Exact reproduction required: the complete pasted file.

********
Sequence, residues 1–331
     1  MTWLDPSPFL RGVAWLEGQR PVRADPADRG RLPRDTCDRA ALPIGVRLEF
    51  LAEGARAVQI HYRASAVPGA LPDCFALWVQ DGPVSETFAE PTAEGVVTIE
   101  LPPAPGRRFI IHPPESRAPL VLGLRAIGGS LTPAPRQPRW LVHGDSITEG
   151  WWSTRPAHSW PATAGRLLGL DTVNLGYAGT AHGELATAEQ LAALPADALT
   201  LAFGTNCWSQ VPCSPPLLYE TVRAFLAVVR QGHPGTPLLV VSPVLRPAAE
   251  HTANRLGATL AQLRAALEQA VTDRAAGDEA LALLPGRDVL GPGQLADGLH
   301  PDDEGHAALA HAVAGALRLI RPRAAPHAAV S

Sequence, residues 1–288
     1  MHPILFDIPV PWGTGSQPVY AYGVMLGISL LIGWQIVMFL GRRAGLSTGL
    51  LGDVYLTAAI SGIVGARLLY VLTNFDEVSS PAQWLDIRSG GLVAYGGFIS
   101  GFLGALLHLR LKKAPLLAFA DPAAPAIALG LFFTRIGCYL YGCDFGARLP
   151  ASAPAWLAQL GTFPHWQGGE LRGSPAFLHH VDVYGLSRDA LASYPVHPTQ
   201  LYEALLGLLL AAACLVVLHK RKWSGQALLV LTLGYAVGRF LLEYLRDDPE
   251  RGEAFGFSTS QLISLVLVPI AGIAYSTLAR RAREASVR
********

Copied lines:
Sequence, residues 1–331
     1  MTWLDPSPFL RGVAWLEGQR PVRADPADRG RLPRDTCDRA ALPIGVRLEF
    51  LAEGARAVQI HYRASAVPGA LPDCFALWVQ DGPVSETFAE PTAEGVVTIE
   101  LPPAPGRRFI IHPPESRAPL VLGLRAIGGS LTPAPRQPRW LVHGDSITEG
   151  WWSTRPAHSW PATAGRLLGL DTVNLGYAGT AHGELATAEQ LAALPADALT
   201  LAFGTNCWSQ VPCSPPLLYE TVRAFLAVVR QGHPGTPLLV VSPVLRPAAE
   251  HTANRLGATL AQLRAALEQA VTDRAAGDEA LALLPGRDVL GPGQLADGLH
   301  PDDEGHAALA HAVAGALRLI RPRAAPHAAV S

Sequence, residues 1–288
     1  MHPILFDIPV PWGTGSQPVY AYGVMLGISL LIGWQIVMFL GRRAGLSTGL
    51  LGDVYLTAAI SGIVGARLLY VLTNFDEVSS PAQWLDIRSG GLVAYGGFIS
   101  GFLGALLHLR LKKAPLLAFA DPAAPAIALG LFFTRIGCYL YGCDFGARLP
   151  ASAPAWLAQL GTFPHWQGGE LRGSPAFLHH VDVYGLSRDA LASYPVHPTQ
   201  LYEALLGLLL AAACLVVLHK RKWSGQALLV LTLGYAVGRF LLEYLRDDPE
   251  RGEAFGFSTS QLISLVLVPI AGIAYSTLAR RAREASVR